There was always fried chicken (even if you were sure it came out of a bucket instead of a frying pan.)

Macaroni and potato salads were plentiful.

Someone always experimented with a rice dish, putting in some teriyaki sauce to give it “flare.”

Brownies, cakes of all sorts, pies, garlic bread, four or five concoctions with spaghetti, and once in a while some grilled hot dogs or hamburgers would appear.

By the time we got done singing, we were hungry. Also, we were starved because during the week we had not necessarily been able to procure grocery money to satisfy our growling innards.

So we learned two very important procedures:

First of all, you get more food when you compliment the food. If we found out who cooked what, we could center our appreciation in on that person and pretty soon they would bring their pot over and dump the contents onto our plates to “make sure we got our share.”

The second thing we put into practice, which took some trial and error, was to ask the smallest (and usually feminine) member of our band to walk over and chat with the ladies, asking for recipes. Well, these fine women looked at the dainty, somewhat underfed waif of a girl and loaded her down—not only with index cards containing the ingredients for their delicacies, but also boxes of leftover everything.

So even though nobody ever gave us money, we walked out of covered dish suppers with full bellies and enough food to last for two or three days thereafter.

Now, some people might think this is a terrible way to live, and I certainly can appreciate their point of view.

But I, for one, think it is quite charming to have a remembrance in my life when I literally did live hand to mouth.

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Al fresco

Words from Dic(tionary)

dictionary with letter A

Al fresco: (adj) in the open air: e.g. an al fresco luncheon.

Much as I enjoy the arrival of spring with the promise of coming summer, and the warmth of that experience, I also become fully aware that I am about to be inundated by many different individuals who want to take advantage of the beauty of the season … to do everything outside.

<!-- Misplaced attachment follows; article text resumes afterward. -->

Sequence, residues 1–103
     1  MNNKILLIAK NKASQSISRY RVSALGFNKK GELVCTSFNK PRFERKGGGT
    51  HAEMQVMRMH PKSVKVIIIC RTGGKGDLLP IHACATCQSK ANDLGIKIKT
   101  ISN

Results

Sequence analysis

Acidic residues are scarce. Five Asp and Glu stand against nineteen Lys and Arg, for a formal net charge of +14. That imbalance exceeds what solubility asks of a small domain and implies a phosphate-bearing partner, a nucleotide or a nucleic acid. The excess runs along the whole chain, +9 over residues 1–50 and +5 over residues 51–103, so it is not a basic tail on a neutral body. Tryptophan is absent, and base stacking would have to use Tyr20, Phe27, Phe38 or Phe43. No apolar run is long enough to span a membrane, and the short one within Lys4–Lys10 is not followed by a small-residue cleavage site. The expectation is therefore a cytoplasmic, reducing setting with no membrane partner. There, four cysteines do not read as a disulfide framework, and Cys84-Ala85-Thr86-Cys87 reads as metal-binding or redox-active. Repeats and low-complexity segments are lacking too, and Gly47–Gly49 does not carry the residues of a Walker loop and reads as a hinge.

Especially difficult for me is when they suggest that I take my sound equipment and music and array it on some sort of makeshift flat-bed trailer to perform in a park situation, surrounded by so many distractions that it’s nearly impossible to get the attention of a dead squirrel.

Let me tell you what bothers me about it:

1. Good sound needs walls. Otherwise it floats out and joins with other distracting molecules and becomes distorted or dispelled.

2. Even though I work very hard to be interesting, birds and trees, supersonic jets flying overhead and children briskly running and tripping to fall and scrape their noses do tend the eliminate the possibility of an ongoing attention span.

3. Bugs. If you are a normal person who showers, uses deodorant, or God forbid, aftershave, bugs seem to approach you as if you were a saloon and they are determined to get drunk on your elixir. I’ve had them fly in my mouth, buzz my bald head and perch themselves inside my ear.

I think I’ve just described the definition of “distracting.”

It happened to me recently when some friends invited me out to dinner, and asked if I wanted to sit at a table near the lake. It was a beautiful evening, about 6:15 P.M., and apparently the exact time when the local bees come out for an evening fellowship and what appeared to be church service. They huddled together, gathering around our food, and at times it appeared they were saying grace for the bounty set before them.

We eventually (being more intelligent than the buzzers) found ways to cover up our food, our bodies and the surrounding table with napkins, plates–and I think one lady used a scarf. It was not exactly what I would call a favorable dining experience.

I think going camping is an al fresco event. When you do so, you plan on roughing it, taking on nature and trying to get away from the delicacies of life.

But every other time you go al fresco, you must realize that it’s going to turn out to be a campout–and as soon as you arrive outside, you have departed your home … and entered Nature’s back yard.